Chattanooga Endoscopy Center is proud to have 15 of the region’s premier gastroenterologists on staff. An elite group of thought leaders and prominent digestive health practitioners, the physicians that see patients at Chattanooga Endoscopy Center help make us an outstanding gastroenterology facility.
Chattanooga Endoscopy Center’s experienced, board-certified gastroenterologists are committed to ensuring the highest quality care and best outcomes for our patients. With tools such as the premier GI quality registry, GIQuIC, to track our quality measures we ensure quality care.
For this test, the doctor looks at the entire length of the colon and rectum with a colonoscope, a flexible tube about the width of a finger with a light and small video camera on the end. It’s put in through the anus and into the rectum and colon. Special instruments can be passed through the colonoscope to biopsy (sample) or remove any suspicious-looking areas such as polyps, if needed.
Before the test: Be sure your doctor knows about any medicines you are taking (including daily aspirin, vitamins, or supplements). You might need to change how you take them before the test.
The colon and rectum must be empty and clean so your doctor can see the entire inner lining during the test. There are different ways to do this, including pills, fluids, and enemas (or combinations of these). For example, you might need to drink large amounts of a liquid laxative solution the evening before the procedure. This often results in spending a lot of time in the bathroom. Because the process of cleaning out the colon and rectum is sometimes unpleasant, it can keep some people from getting this test done. However, newer kits are available to clean out the bowel and may be better tolerated than previous ones. Your health care provider can discuss the options with you.
Your health care provider will give you specific instructions. It’s important to read them carefully a few days ahead of time, since you may need to follow a special diet for at least a day before the test and to shop for supplies and laxatives. If you’re not sure about any of the instructions, call the health care provider’s office and get your questions answered.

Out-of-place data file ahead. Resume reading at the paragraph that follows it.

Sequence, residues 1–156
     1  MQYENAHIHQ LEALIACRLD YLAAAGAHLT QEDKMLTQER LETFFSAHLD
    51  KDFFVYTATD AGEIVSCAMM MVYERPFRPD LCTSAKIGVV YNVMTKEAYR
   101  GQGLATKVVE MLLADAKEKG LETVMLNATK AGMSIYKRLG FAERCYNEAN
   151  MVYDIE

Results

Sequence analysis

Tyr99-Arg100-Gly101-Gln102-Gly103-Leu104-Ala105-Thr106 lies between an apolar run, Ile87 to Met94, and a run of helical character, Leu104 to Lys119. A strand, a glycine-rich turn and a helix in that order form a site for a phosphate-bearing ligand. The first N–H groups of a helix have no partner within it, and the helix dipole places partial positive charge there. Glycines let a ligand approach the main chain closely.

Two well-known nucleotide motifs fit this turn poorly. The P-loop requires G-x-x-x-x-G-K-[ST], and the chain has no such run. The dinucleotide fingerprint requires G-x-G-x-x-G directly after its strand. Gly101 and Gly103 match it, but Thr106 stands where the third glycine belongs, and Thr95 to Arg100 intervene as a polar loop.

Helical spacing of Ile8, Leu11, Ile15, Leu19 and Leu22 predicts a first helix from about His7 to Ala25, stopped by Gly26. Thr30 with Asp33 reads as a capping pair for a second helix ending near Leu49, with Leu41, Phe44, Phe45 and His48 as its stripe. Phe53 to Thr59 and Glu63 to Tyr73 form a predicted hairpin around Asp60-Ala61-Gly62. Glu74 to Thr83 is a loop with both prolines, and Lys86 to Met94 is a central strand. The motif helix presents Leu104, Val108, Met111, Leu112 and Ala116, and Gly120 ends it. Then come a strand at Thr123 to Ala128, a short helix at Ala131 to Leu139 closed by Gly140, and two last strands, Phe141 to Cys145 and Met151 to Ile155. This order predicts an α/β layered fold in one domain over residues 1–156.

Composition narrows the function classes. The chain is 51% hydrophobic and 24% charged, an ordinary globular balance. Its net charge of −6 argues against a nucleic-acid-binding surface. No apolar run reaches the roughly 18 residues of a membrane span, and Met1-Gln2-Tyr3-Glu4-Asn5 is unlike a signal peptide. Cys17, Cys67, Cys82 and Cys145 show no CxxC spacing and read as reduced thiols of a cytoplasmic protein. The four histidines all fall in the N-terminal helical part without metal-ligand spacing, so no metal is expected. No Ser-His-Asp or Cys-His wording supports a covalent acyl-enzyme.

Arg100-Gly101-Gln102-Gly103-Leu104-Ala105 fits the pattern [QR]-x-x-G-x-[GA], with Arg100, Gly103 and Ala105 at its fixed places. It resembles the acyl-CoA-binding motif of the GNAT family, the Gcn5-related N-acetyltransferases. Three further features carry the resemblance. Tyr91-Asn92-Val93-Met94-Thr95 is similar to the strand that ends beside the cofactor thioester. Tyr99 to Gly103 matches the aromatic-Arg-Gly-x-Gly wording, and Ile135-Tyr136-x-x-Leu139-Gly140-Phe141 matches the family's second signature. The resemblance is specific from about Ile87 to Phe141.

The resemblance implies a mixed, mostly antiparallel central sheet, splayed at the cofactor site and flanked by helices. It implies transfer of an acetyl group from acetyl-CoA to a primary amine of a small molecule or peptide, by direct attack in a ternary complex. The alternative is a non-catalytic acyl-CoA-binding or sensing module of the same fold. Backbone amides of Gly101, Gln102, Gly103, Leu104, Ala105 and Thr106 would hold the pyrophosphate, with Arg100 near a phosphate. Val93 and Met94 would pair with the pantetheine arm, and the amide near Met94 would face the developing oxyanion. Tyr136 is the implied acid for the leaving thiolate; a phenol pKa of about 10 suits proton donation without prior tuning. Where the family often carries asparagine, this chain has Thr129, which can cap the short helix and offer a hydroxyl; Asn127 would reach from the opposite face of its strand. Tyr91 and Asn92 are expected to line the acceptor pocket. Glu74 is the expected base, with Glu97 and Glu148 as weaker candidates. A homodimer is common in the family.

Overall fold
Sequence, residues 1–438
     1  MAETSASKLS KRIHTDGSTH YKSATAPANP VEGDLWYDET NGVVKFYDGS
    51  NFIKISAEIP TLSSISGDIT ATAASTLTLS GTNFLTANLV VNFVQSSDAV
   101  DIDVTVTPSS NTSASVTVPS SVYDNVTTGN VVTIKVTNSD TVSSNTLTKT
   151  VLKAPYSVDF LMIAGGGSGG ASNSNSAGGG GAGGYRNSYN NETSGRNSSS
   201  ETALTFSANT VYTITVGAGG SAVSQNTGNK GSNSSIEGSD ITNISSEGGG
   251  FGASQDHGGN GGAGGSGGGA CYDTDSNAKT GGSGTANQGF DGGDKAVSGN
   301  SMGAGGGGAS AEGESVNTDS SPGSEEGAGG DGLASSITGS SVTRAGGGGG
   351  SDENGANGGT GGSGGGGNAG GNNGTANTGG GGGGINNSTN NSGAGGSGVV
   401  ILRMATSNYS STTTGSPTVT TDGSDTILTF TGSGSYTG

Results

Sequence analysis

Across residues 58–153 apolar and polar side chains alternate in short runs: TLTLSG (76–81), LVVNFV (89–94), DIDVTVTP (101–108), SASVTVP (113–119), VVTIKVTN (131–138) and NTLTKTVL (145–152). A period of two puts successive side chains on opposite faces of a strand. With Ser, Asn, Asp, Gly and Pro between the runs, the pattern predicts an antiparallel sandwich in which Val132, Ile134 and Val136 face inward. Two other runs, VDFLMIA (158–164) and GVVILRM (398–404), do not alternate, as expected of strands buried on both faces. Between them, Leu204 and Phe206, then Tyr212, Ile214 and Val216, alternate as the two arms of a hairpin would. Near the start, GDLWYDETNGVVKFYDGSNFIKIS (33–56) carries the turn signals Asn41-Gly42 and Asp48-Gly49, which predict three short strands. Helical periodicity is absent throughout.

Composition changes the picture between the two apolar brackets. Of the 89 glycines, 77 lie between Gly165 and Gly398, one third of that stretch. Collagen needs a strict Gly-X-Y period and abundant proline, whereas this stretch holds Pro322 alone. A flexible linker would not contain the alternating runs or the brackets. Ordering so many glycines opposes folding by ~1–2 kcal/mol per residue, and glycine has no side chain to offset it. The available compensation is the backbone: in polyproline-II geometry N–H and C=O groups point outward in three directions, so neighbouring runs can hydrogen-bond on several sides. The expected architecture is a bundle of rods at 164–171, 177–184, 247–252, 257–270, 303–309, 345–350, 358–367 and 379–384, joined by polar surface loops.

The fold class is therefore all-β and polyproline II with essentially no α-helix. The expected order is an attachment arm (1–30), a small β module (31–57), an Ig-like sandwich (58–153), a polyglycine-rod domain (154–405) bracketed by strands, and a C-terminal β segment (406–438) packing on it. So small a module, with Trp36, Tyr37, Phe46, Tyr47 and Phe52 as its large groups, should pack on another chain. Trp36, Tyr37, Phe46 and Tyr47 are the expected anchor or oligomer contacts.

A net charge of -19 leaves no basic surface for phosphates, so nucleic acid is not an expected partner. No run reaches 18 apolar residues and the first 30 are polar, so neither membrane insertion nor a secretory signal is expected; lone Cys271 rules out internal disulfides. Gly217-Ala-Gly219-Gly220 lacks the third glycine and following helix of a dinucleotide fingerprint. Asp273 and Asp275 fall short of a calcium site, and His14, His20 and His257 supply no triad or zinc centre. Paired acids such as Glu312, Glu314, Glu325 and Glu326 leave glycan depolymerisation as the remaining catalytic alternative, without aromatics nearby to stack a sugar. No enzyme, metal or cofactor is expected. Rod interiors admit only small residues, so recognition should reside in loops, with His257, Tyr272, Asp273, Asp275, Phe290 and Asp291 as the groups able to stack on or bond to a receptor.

You will probably also be told not to eat or drink anything after a certain hour the night before your test. If you normally take prescription medicines in the mornings, talk with your doctor or nurse about how to manage them for that day.
Because a sedative is used to help keep you more comfortable during the test, you will most likely need to arrange for someone you know to take you home after the test. You might need someone to help you get into your home if you are sleepy or dizzy, so many centers that do colonoscopies will not discharge people to go home in a cab or a ridesharing service. If transportation might be a problem, talk with your health care provider about the policy at your hospital or surgery center for using one of these services. There may be other resources available for getting home, depending on the situation.
During the test: The test itself usually takes about 30 minutes, but it may take longer if one or more polyps is found and removed. Before the test starts, you’ll likely be given a sedative (into a vein) to make you feel relaxed and sleepy during the procedure. For most people, this medicine makes them unable to remember the procedure afterward. You’ll wake up after the test is over, but you might not be fully awake until later in the day.
During the test, you’ll be asked to lie on your side with your knees pulled up. A drape will cover you. Your blood pressure, heart rate, and breathing rate will be monitored during and after the test.
Your doctor might insert a gloved finger into the rectum to examine it before putting in the colonoscope. The colonoscope is lubricated so it can be inserted easily into the rectum. Once in the rectum, the colonoscope is passed all the way to the beginning of the colon, called the cecum.
If you’re awake, you may feel an urge to have a bowel movement when the colonoscope is inserted or pushed further up the colon. The doctor also puts air into the colon through the colonoscope to make it easier to see the lining of the colon and use the instruments to perform the test. To ease any discomfort, it may help to breathe deeply and slowly through your mouth.
The doctor will look at the inner walls of the colon as he or she slowly removes the colonoscope. If a small polyp is found, it may be removed and then sent to a lab to check if it has any areas that have changed into cancer. This is because some small polyps may become cancer over time.
If your doctor sees a larger polyp or tumor, or anything else abnormal, a small piece of it will be removed (biopsied) through the colonoscope. It will be checked in the lab to see if it’s cancer, a benign (non-cancerous) growth, or something else.
Possible side effects and complications: The bowel preparation before the test can be unpleasant.
The test itself might be uncomfortable, but the sedative usually helps with this, and most people feel back to normal once the effects of the sedative wear off. Because air is pumped into the colon and rectum during the test, people sometimes feel bloated, have gas pains, or have cramping for a while after the test until the air passes out.
Some people may have low blood pressure or changes in heart rhythm from the sedation during the test, but these are rarely serious.
If a polyp is removed or a biopsy is done during the colonoscopy, you might notice some blood in your stool for a day or 2 after the test. Serious bleeding is uncommon, but in rare cases, bleeding might need to be treated or can even be life-threatening.